I had read a lot about cake balls and cake pops on the internet. The most common problem seemed to be using too much frosting. So although the official instructions call for quite a bit of frosting per cake, we just mushed up the cake and added a few tablespoons of frosting until the consistency would hold a ball. The first few cake balls we made, we just grabbed a hunk and rolled them up. But then I grabbed my handy cookie scoop and that gave us more even proportions for the cake balls. We rolled several in advance and chilled them in the freezer for 10-15 minutes. Do not freeze them too long or the chocolate will crack…trust us…we learned from experience:)
Melt the candy melts in a microwave in a deep narrow container on 1/2 power. I used a 2 cup measuring cup. This was a nice amount of chocolate to work with and easy for us to move in and out of the microwave. It is easy to burn chocolate so always melt it in small increments on medium heat. The book says “you may need to add shortening to thin out the chocolate”. Using candy melts, it was absolutely necessary to add shortening to get the coating consistency just right. I added 2 heaping tablespoons to the one bag of candy melts and that worked well.
You have the choice of making cake balls (not on a stick) or cake pops which are on a stick. The rules are basically the same but if you do cake balls you need to place the ball in the chocolate using a dipping fork or a regular plastic fork with the middle tines removed. This lets you remove the ball without damaging the chocolate on bottom. Place the cake balls on parchment or wax paper to set up.
For cake pops, you dip the end of the stick in the melted chocolate and then press gently into the naked ball of cake. Let it set up a bit and then you should be able to pick up the stick and the cake ball will be attached. Too much frosting and the ball will pull away. If they are not chilled enough you can have the same problem but generally for us it was a frosting issue.
Dip the cake pop into the chocolate and swirl gently until the entire ball is covered in chocolate. Lift the pop out at an angle and let the extra chocolate fall back into the container. You want to make sure the chocolate is thick enough to coat but thin enough to cover..so it’s a bit of learning curve until you get the chocolate just right. Once the cake pop is covered place the stick into a piece of styrofoam to let it setup.
Various decorating ideas:
Karen did one of my favorite design which was a swirl pattern. She dipped the pop into white candy melts, then using a toothpick applied dots of red. Using the toothpick she created patterns with the colors directly on the pop.
Sprinkles - I have a pretty big assortment of sprinkles and dragees. Rolling the cakepops in sprinkles got a solid covering. If you just took a pinch of sprinkles and literally sprinkled them on top of the cake pop you got a much more open pattern The dragees gave a fun modern effect of spots. Place each dragee separately to get a nice even placement.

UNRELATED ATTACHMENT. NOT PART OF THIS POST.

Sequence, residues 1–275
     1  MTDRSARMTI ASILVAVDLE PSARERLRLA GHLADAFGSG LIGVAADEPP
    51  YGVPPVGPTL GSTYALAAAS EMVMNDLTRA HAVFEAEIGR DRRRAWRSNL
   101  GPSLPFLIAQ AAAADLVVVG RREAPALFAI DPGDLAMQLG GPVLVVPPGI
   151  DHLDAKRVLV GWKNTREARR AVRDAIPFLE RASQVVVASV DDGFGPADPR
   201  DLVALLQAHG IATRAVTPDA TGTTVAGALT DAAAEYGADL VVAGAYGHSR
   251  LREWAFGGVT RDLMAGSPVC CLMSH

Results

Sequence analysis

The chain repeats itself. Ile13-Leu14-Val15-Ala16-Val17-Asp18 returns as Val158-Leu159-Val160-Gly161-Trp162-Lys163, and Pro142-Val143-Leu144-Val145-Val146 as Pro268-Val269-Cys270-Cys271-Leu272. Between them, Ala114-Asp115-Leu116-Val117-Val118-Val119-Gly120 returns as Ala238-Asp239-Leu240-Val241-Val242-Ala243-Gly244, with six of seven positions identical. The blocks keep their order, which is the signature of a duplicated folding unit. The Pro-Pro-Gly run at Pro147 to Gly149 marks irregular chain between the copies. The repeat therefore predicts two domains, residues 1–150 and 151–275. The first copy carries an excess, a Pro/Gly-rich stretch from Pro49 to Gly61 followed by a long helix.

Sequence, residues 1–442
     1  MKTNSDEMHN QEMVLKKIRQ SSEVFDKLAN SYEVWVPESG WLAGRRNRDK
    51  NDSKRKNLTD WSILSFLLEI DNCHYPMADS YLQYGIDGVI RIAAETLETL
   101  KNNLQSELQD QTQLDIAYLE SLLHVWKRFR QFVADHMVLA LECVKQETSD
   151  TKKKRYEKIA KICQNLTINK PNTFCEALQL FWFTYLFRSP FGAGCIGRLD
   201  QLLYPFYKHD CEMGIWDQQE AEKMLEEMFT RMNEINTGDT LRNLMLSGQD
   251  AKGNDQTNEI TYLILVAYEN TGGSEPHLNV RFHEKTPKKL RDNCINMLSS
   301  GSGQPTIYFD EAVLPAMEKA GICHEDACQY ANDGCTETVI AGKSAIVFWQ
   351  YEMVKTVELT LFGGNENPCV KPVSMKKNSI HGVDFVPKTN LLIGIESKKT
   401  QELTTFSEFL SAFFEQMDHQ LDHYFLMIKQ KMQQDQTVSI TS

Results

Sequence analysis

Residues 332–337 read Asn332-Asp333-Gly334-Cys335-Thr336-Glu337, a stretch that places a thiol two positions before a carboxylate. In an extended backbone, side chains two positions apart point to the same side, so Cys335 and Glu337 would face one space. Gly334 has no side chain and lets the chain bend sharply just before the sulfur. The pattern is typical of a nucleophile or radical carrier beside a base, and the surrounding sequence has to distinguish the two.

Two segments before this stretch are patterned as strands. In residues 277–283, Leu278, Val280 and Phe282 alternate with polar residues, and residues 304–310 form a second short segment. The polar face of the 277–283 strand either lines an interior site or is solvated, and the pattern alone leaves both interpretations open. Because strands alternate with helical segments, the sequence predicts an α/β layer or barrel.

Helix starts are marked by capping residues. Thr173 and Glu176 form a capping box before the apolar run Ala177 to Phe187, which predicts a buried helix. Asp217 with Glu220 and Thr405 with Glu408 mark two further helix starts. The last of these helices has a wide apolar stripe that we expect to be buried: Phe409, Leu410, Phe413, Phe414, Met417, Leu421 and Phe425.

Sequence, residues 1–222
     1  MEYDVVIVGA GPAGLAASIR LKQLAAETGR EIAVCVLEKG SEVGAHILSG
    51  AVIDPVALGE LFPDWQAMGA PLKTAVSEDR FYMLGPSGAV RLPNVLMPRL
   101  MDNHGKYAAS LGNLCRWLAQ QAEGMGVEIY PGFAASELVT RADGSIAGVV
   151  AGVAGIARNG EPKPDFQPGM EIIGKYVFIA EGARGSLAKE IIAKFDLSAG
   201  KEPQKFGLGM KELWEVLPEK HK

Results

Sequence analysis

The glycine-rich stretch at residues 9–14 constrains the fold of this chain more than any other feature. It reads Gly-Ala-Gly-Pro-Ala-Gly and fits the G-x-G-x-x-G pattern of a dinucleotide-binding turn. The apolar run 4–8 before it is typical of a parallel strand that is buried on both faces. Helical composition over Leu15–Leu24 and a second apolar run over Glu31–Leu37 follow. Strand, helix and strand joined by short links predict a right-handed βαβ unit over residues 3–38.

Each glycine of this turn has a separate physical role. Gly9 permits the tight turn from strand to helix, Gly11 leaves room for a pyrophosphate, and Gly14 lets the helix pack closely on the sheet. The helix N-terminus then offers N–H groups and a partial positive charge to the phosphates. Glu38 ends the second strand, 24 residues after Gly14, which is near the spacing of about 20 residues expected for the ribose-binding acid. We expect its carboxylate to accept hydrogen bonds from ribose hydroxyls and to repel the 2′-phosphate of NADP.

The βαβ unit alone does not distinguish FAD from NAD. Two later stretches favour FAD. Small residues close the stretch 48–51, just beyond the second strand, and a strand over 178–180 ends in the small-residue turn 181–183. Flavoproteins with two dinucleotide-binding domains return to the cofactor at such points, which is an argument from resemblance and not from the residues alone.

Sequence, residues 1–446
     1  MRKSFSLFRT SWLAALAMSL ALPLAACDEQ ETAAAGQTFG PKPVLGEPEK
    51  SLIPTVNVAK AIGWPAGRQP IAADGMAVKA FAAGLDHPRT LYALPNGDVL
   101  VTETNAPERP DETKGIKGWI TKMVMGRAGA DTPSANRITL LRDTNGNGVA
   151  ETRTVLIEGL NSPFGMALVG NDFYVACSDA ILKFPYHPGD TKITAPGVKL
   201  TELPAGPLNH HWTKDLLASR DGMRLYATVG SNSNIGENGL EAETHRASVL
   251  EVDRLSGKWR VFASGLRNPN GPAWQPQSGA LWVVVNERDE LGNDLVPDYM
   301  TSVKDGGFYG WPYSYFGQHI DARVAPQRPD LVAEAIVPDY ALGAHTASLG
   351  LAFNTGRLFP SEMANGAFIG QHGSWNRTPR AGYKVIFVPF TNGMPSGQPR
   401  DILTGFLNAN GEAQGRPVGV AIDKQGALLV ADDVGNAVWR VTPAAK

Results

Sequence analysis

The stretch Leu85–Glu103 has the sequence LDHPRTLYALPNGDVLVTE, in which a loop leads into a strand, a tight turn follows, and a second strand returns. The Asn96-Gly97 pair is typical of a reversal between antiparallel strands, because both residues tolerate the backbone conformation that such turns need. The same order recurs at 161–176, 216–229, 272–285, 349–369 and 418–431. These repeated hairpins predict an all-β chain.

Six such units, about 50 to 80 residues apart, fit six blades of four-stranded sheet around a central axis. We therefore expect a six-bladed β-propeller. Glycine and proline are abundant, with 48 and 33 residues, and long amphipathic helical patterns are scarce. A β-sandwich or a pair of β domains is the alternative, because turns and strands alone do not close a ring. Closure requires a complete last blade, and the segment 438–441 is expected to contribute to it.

For shine I had both pearl dust and a luster spray so we decided to do a side by side comparison.
The only design we did directly from the book was the cupcake pop which we loved. I can’t wait to try other designs for her book. To make the cupcake press the bottom of the ball into a small round or flower shaped cutter to create the base of the cupcake. Dip the bottom of the cupcake in one color and lay it face down (non chocolate side down) and insert the lollipop stick.
Once the chocolate has set, use the stick to dip the top of the cupcake in a another color. Apply designs and sprinkles at will. We used red gobstoppers as our cherries but you can use whatever red candies you have handy.
We were shocked at how many cake pops you can get out of a small amount of cake so be prepared to be dipping for a while!
Also my friend Ari posted a great thread on making the apple cake pops
http://letsgetcaking.blogspot.com/2009/08/chocolate-apple-cake-pops.html. They came out super cute.
I entered my first cake decorating competition this weekend with my Alice inspired cake. It was a great show. There were over 140 competitors and some amazing work. I was so excited to take a first place ribbon in my category (Adult Intermediate – Novelty Tiered) .
Here are a couple of more detailed shots.
When I have some time I’ll do a more detailed post on how I put together my entry. For now I need to clean my kitchen and get some sleep. Thanks everyone for all your support!
I made this cake for my friend’s adorable little boy, James, on his Christening. On the day of his baptism, he also turned 1 (hence the cupcake). It was really fun to make a “boy” cake. I knew when I started this cake that I wanted something that was subtle and reflected the purpose of the day. Also since he was 1, I really didn’t want it to be too “baby”. I decided on the angled top tier to highlight the cross and wanted to do an argyle pattern on the bottom. It’s not quite a true argyle because once the diamonds were placed, I was afraid the hash marks would take away from the cake. FYI, I’m a total sucker for a harlequin pattern so expect to see it time and again
6 inch and 8 inch strawberry cake with strawberry butter cream filling.
Double batch of buttercream (using 4 lbs of powdered sugar)
Support system of choice ( I use SPS – single plate system for tiered cakes)
Long knife or cake leveler